'We know each other’s epilepsy very well'

For Stephen and Denise Wottrich, epilepsy is a family affair. They have similar forms of epilepsy, and at its worst it can cause up to 10 seizures a day. They say learning to look after each other has made them stronger.

Stephen's epilepsy began in his early teens. He was involved in a serious car accident, but doctors still don't know whether this is connected to his epilepsy.

Despite having seizures regularly, Stephen haslived a normal life. He joined the army and was sent to Germany. But the next day he was sent back to the UK, where he joined the civil service.

"I had wonderful work mates," he says. "They'd look after me during a seizure, then I'd wake up and get back behind my desk again. Occasionally I'd have to have a day off but I'd much rather work than not."

Denise's epilepsy also started early. "One day when I was 10, I collapsed in school assembly," she says. "I was taken to a specialist who diagnosed epilepsy." Again, nobody knew why the epilepsy had started.

Denise, too, refused to let her condition hold her back. She worked in the Hampshire Constabulary and lived with her parents until she met Stephen.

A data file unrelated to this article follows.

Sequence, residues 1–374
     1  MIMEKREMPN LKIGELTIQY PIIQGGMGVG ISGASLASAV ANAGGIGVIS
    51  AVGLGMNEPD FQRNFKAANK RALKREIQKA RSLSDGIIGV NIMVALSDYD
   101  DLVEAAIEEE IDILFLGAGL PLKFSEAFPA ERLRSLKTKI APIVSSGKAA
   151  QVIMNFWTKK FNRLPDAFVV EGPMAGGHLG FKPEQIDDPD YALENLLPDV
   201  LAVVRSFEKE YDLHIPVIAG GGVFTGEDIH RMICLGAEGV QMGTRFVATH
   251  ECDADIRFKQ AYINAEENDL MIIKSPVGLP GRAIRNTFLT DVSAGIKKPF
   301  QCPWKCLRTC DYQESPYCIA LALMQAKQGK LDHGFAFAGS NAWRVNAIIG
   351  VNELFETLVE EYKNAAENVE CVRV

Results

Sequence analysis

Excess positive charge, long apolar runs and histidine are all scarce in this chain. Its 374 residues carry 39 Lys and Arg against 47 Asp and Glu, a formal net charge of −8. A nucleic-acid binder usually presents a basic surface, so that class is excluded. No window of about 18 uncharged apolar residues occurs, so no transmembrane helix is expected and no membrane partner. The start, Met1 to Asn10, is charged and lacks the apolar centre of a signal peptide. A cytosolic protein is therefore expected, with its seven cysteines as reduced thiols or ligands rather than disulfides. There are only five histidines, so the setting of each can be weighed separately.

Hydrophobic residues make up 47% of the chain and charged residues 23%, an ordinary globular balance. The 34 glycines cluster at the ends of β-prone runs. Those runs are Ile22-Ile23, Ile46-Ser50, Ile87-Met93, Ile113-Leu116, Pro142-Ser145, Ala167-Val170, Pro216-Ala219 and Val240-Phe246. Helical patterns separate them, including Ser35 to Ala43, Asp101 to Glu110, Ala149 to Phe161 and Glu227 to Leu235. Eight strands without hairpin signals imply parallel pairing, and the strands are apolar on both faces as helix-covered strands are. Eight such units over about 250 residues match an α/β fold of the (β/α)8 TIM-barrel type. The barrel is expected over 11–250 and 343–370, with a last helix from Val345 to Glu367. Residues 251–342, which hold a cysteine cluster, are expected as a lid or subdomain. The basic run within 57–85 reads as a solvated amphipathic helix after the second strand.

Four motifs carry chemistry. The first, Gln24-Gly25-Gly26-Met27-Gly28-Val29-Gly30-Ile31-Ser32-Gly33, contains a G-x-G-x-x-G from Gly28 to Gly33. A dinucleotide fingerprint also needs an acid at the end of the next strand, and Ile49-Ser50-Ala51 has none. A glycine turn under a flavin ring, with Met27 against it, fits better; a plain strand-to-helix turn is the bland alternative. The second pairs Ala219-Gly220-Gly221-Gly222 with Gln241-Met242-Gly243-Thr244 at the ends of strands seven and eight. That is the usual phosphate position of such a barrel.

"She had been moved into my room in an epilepsy unit and I hadn't been told,"says Stephen. "I came in to find her mum going through my underwear, which she assumed a former patient had left behind. But all I could see were Denise's beautiful eyes."

Neither Stephen nor Denise gets any warning signs, such as auras, before a fit. "But I can tell when Denise is going to have one, and she can tell when I'm going to have one," says Stephen. "I can sometimes stop her having one by rubbing the back of her neck and talking to her. We know each other's epilepsy very well."

When a seizure comes on, they make each other comfortable, ensuring that there's nothing around that could cause an injury.

So far, drug treatments haven't had much effect on the couple. Stephen says, "Ive tried everything going," as has Denise. But they don't let their epilepsy get them down.

"Im not saying I don't get depressed," says Denise. "Sometimes I think I must have done something very wrong to have this disease. But Stephen says that's not true. He says that we've been given epilepsy because we're strong enough to cope with it. He says we're special and I believe him."

The couple say that having epilepsy shouldn't mean you need toshut yourself away from the world.

"Most of the time, I've met with nothing but kindness when I've had a fit in public," says Denise. "Some people just stare but most of the time people want to help. I've met some wonderful people."

She adds, "It's important to talk to family and friends about your condition. Some people are afraid of epilepsy, but you can help educate them if you learn about it yourself. Be as independent as you can. Don't hide from your epilepsy. One in 200 people has it in some form, andit's nothing to be ashamed of."

Content supplied by the NHS Website

Medically Reviewed by a doctor on 21 Jun 2016